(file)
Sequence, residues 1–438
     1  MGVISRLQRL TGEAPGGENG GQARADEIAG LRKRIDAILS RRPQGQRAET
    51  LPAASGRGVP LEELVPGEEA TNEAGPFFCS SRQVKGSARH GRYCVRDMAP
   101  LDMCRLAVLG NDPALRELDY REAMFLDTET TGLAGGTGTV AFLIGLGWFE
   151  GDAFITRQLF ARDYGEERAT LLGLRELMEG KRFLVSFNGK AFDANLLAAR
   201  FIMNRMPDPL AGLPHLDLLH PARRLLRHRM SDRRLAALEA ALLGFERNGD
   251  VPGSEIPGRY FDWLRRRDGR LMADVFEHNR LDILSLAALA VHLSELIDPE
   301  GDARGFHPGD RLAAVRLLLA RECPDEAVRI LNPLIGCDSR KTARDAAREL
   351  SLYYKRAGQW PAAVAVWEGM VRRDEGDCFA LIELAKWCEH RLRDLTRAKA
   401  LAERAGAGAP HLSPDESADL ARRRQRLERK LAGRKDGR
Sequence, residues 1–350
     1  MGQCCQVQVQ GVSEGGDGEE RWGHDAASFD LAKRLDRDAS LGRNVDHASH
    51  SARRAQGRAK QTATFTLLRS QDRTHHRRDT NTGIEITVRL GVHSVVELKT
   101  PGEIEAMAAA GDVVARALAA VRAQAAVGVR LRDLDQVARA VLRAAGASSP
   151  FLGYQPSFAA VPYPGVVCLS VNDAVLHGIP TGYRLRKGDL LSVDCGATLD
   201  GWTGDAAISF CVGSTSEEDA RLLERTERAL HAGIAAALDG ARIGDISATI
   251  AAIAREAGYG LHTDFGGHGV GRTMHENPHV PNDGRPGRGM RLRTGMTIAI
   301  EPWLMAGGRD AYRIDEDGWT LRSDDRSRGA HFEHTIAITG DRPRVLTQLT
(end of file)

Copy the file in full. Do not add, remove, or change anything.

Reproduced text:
Sequence, residues 1–438
     1  MGVISRLQRL TGEAPGGENG GQARADEIAG LRKRIDAILS RRPQGQRAET
    51  LPAASGRGVP LEELVPGEEA TNEAGPFFCS SRQVKGSARH GRYCVRDMAP
   101  LDMCRLAVLG NDPALRELDY REAMFLDTET TGLAGGTGTV AFLIGLGWFE
   151  GDAFITRQLF ARDYGEERAT LLGLRELMEG KRFLVSFNGK AFDANLLAAR
   201  FIMNRMPDPL AGLPHLDLLH PARRLLRHRM SDRRLAALEA ALLGFERNGD
   251  VPGSEIPGRY FDWLRRRDGR LMADVFEHNR LDILSLAALA VHLSELIDPE
   301  GDARGFHPGD RLAAVRLLLA RECPDEAVRI LNPLIGCDSR KTARDAAREL
   351  SLYYKRAGQW PAAVAVWEGM VRRDEGDCFA LIELAKWCEH RLRDLTRAKA
   401  LAERAGAGAP HLSPDESADL ARRRQRLERK LAGRKDGR
Sequence, residues 1–350
     1  MGQCCQVQVQ GVSEGGDGEE RWGHDAASFD LAKRLDRDAS LGRNVDHASH
    51  SARRAQGRAK QTATFTLLRS QDRTHHRRDT NTGIEITVRL GVHSVVELKT
   101  PGEIEAMAAA GDVVARALAA VRAQAAVGVR LRDLDQVARA VLRAAGASSP
   151  FLGYQPSFAA VPYPGVVCLS VNDAVLHGIP TGYRLRKGDL LSVDCGATLD
   201  GWTGDAAISF CVGSTSEEDA RLLERTERAL HAGIAAALDG ARIGDISATI
   251  AAIAREAGYG LHTDFGGHGV GRTMHENPHV PNDGRPGRGM RLRTGMTIAI
   301  EPWLMAGGRD AYRIDEDGWT LRSDDRSRGA HFEHTIAITG DRPRVLTQLT